As we have noted since the Central Banksters started to rapidly raise interest rates, the decade’s long merger and acquisition spree is over. However, the “Bigs” keep getting bigger, as they buy out overleveraged companies that can’t afford to borrow at high rates to refinance and gobble up those they want to gain broader market share and/or eliminate the competition. All the “Bigs” with big money want is to get bigger, and they will do what they can to buy out competitors and/or expand in new directions.


Pharma giant Roche has agreed to pay about $7.25 billion for Telavant Therapeutics, a start-up developing treatments for bowel diseases.

The deal will give Roche rights to Telavant’s RVT-3101 drug now beginning a late-stage clinical trial to treat inflammatory bowel disease, which affects about eight million people worldwide, the company said.

The drug has “transformational potential,” Roche CEO Thomas Schinecker said in a statement announcing the purchase, and could produce revenue of $15 billion annually.

Under the deal’s terms, Roche will pay $7.1 billion now to Pfizer and Roivant Sciences, Telavant’s joint owners. Roche will make a milestone payment of $150 million later. Pfizer will keep rights to distribute the new drug everywhere except in the U.S. and Japan.

Big pharma companies have been on a buying spree recently as patents expire on top-selling drugs. 

Companies are using their cash and stock to buy development-stage drugs with large market potential instead of waiting years to develop and test their own from scratch, as we noted in “Biotech M&As Make a Comeback” (15 Aug 2023).

In July, Eli Lilly paid more than $1.9 billion to own Versanis Bio, which is developing an anti-obesity drug.

Merck bought Prometheus Biosciences for $10.8 billion in cash in April. Prometheus develops drugs for autoimmune conditions. 

Merck is buying start-ups with an aim to replace revenues from Keytruda, its best-selling cancer drug that generated $20 billion in sales last year and will lose patent protection later this decade.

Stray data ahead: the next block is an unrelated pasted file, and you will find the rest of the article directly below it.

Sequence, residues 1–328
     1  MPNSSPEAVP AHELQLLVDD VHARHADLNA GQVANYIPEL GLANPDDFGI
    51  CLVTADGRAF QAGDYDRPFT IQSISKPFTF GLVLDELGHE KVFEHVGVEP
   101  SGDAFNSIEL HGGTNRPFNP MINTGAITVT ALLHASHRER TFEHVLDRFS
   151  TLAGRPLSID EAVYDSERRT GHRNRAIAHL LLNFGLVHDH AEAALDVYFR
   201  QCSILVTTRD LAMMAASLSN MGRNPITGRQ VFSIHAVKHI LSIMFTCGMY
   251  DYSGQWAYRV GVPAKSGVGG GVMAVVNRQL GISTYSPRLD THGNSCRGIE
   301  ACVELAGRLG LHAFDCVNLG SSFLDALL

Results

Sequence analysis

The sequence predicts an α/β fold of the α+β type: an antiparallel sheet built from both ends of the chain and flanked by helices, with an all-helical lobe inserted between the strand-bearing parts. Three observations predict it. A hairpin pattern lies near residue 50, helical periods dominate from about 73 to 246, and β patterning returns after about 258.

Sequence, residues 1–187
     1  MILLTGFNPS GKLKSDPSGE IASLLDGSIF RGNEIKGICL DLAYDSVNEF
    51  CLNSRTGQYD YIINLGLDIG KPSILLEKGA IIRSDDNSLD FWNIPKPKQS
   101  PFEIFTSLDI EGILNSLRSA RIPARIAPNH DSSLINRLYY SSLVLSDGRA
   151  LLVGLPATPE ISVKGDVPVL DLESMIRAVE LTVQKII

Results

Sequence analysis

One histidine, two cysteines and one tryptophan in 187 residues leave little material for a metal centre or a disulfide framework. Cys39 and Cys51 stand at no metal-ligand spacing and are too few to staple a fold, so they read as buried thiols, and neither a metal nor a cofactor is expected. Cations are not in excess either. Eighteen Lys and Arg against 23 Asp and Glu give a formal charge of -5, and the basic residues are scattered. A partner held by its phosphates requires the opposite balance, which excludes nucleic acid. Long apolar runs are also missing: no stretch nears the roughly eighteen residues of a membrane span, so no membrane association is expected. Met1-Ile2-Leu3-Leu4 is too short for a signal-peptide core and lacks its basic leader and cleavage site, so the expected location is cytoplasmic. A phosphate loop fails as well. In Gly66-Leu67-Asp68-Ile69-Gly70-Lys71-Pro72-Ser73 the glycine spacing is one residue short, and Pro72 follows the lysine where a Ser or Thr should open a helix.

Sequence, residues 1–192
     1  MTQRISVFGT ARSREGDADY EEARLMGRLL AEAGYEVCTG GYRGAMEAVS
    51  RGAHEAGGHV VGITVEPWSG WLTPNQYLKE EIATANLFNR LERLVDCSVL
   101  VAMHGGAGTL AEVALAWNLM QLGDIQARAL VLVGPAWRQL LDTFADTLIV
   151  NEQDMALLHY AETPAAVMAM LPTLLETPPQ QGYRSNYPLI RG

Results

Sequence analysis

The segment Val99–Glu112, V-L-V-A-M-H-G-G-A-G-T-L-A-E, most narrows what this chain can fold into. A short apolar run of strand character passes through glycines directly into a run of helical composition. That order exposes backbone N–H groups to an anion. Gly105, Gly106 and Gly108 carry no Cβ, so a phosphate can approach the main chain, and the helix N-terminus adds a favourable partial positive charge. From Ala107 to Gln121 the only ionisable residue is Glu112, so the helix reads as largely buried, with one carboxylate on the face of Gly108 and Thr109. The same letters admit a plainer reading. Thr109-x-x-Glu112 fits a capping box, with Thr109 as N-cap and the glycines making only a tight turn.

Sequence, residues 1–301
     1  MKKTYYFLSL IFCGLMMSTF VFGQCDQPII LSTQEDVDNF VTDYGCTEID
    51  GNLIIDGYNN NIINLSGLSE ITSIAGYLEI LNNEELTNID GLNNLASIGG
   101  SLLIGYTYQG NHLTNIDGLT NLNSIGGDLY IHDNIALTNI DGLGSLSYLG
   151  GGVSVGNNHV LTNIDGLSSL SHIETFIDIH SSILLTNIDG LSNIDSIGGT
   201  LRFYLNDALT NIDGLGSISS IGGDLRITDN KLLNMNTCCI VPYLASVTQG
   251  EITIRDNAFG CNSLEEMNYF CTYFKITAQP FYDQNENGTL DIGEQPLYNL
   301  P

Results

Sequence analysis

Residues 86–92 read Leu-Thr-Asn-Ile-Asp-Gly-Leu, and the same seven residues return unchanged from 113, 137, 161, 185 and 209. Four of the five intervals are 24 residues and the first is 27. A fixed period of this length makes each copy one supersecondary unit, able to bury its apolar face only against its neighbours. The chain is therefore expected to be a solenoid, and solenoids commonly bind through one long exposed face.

After snapping up Pioneer Natural Resources (“ExxonMobil Buys Major Shale Producer for $59.5 Billion in Stock” 17 Oct 2023), a major shale oil producer earlier this month, for $59.5 billion in stock, ExxonMobil has let it be known it still is shopping for more takeover targets.

“We’re always looking,” CFO Kathy Mikells told the Financial Times. “I’ve described us as very inquisitive but also very picky. A deal has got to be ‘one plus one equals three’.”

Buying Prairie is an example.

The deal gave ExxonMobil another 850,000 acres in the high-return Permian Basin oilpatch, which spans the border between New Mexico and Texas, bringing the company’s holdings there to more than 1.4 million acres.

The new, bigger ExxonMobil will own about 16 billion barrels of oil equivalent in the Permian and will double its production to 1.3 million barrels a day, rising to as much as two million by 2027, depending on the oil market’s strength.

The strategy of piling up more oil reserves seems contrary to forecasts by China, the International Energy Agency, and others that oil demand will peak before 2030.

The company acknowledges that outlook. “We’re in a depletion business with” exploration and production, Mikells acknowledged. Buying Pioneer “puts us in a good position for the long term,” she said.

By buying proven reserves, a company can stockpile oil without making capital investments in drilling for new deposits, which is often a hit-and-miss proposition.

Other oil majors are expected to hew to the same strategy, leading to a wave of consolidation in the industry, analysts told the FT.

Earlier this month, Chevron bought Hess Corp., a deal we reported in “Chevron Grabs Hess for $53 Billion in Stock” (24 Oct 2023). When asked by The Wall Street Journal, Chevron refused to comment on possible future purchases.

Skip to content